Muzzloading patches.

Discussion in 'Black Powder Shooting / Muzzleloaders / Handguns' started by Small_bore, Feb 27, 2011.

  1. Small_bore

    Small_bore New Member

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    I've always shot revolver's and know that a pre-lubed wad loaded over the powder can ruin the powder over time, as the oil eventually seeps into the powder load. Will a pre-lubed pillow ticking patch have the same effect when keeping a rifle loaded? Excuse me if this question seems somewhat lame, I really have no knowledge of anything other then cap n' ball revolvers.
    -Sb
  2. polishshooter

    polishshooter Active Member

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    I'm curious why you put a wad between the powder and the ball?:confused:

    I seat the ball or conical right on top of the powder, then if I'm shooting right away use CVA grease or Crisco on top of the ball...I don't leave them loaded since I have other handguns around loaded that would be better for "defense," but I know guys who put a "WonderWad" on top of the ball...to reduce the chance of a chain fire but also to grease the way for the ball down the barrel.

    I haven't used wads, but I am curious if anybody else puts the wad between the powder and the ball???

    The ball is should be oversize for the chamber and that little ring of lead you get when you load tells you it is the proper sized ball or conical, and also shows that it is a tight seal so there will be no leakage is what I was told years ago when I started shooting them, and have had no problems since?

    Since my proper ball size for my Traditions .44 is .452, and that is the size of my .45ACP lead SWCs, I shoot them a lot in my Traditions the same way...they are a little harder to load but they shoot fine...and since I have about 3000 of them left over from my IPSC days it saves me from buying balls and conicals:p
  3. Alpo

    Alpo Well-Known Member

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    The wonderwad is supposed to be between the powder and ball, not over the ball. If your friends are doing it that way, they are doing it wrong. This isn't a new thing, by the way. In "Hell, I Was There", Elmer talks about cutting up an old felt hat he found, to make wads for a cap-n-ball revolver, when he was a pre-teen.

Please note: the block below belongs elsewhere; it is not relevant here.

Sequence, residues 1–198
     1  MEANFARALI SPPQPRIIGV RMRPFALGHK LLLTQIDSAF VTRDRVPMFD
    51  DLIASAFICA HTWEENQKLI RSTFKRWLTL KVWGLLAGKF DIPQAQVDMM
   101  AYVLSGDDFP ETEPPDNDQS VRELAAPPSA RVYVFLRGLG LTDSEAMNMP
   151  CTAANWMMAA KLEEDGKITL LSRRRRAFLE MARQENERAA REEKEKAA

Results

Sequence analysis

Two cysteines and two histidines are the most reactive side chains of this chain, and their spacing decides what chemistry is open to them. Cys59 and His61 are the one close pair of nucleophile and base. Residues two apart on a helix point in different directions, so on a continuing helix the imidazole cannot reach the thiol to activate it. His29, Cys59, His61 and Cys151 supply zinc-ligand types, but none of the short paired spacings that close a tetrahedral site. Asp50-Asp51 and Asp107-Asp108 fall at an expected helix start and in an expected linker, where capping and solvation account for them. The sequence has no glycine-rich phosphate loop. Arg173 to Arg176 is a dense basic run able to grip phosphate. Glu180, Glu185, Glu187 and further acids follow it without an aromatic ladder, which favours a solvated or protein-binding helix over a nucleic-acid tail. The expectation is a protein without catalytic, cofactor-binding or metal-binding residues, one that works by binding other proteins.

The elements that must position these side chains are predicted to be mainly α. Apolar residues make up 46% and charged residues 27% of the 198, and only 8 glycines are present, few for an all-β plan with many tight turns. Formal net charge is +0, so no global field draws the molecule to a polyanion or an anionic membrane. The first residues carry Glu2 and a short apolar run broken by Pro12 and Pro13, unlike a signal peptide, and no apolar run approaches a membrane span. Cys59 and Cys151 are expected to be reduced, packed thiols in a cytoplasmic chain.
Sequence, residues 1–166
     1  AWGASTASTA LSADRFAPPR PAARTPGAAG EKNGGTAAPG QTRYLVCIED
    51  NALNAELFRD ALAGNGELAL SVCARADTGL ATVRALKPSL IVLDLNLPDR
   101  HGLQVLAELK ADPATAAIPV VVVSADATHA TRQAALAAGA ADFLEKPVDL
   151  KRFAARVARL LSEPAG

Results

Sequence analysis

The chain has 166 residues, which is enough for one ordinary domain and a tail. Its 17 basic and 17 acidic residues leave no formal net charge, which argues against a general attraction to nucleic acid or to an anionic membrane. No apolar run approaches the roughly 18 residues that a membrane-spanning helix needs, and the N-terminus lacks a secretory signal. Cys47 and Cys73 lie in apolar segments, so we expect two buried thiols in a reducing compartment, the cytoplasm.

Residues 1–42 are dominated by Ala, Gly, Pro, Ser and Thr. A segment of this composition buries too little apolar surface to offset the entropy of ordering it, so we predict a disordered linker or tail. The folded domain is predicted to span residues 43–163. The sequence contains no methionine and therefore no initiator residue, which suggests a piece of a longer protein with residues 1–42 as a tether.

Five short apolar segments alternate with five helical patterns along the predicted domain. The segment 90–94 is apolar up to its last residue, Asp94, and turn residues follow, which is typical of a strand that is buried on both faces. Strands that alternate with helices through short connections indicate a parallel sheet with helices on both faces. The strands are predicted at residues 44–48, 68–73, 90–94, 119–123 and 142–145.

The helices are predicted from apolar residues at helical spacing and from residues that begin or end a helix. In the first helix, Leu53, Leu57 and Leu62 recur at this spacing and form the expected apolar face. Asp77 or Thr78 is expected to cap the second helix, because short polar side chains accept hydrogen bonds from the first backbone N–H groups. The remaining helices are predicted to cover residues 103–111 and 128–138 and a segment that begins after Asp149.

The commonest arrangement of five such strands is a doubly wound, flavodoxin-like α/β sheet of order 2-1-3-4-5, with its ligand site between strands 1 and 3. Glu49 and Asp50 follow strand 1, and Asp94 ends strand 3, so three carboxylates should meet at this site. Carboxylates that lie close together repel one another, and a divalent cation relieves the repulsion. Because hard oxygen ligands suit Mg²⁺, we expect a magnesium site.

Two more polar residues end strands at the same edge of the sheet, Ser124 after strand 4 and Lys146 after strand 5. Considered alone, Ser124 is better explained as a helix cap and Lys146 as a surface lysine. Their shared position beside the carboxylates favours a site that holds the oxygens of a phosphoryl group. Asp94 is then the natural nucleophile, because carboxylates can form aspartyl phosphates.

To answer the question, I guess it would depend on how greasy it was, why type of grease (animal grease does not have the penetrating ability of petroleum products) and how big your charge was. I used to use 90 grains of FF under a spit patch, with round ball in a 50. It might stay loaded all hunting season, but when I finally fired it, two or three months down the line, I didn't notice any degradation of the charge. Still shot to point of aim. Seemed to have the same recoil.
  4. Small_bore

    Small_bore New Member

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    My brass 1851 doesn't like big charges, so I use a wad for added compression.
    I like using the wads, less of a mess and quicker to reload. Just push one down, then push your round ball or conical over it, cap and bang bang.
  5. polishshooter

    polishshooter Active Member

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    My ML rifles I don't leave loaded, even when I come in from the field I unload through the muzzle at the end of the day even if I'm going out the next day.